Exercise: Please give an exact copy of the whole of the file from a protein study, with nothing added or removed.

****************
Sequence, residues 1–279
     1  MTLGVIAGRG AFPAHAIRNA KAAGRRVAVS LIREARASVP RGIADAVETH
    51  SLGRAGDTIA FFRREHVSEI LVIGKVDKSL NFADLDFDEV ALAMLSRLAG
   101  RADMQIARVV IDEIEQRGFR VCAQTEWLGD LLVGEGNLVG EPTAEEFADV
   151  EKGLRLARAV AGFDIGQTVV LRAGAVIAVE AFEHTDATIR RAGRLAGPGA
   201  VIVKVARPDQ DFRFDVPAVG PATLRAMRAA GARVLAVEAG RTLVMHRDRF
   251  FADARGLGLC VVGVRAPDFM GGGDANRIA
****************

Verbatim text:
Sequence, residues 1–279
     1  MTLGVIAGRG AFPAHAIRNA KAAGRRVAVS LIREARASVP RGIADAVETH
    51  SLGRAGDTIA FFRREHVSEI LVIGKVDKSL NFADLDFDEV ALAMLSRLAG
   101  RADMQIARVV IDEIEQRGFR VCAQTEWLGD LLVGEGNLVG EPTAEEFADV
   151  EKGLRLARAV AGFDIGQTVV LRAGAVIAVE AFEHTDATIR RAGRLAGPGA
   201  VIVKVARPDQ DFRFDVPAVG PATLRAMRAA GARVLAVEAG RTLVMHRDRF
   251  FADARGLGLC VVGVRAPDFM GGGDANRIA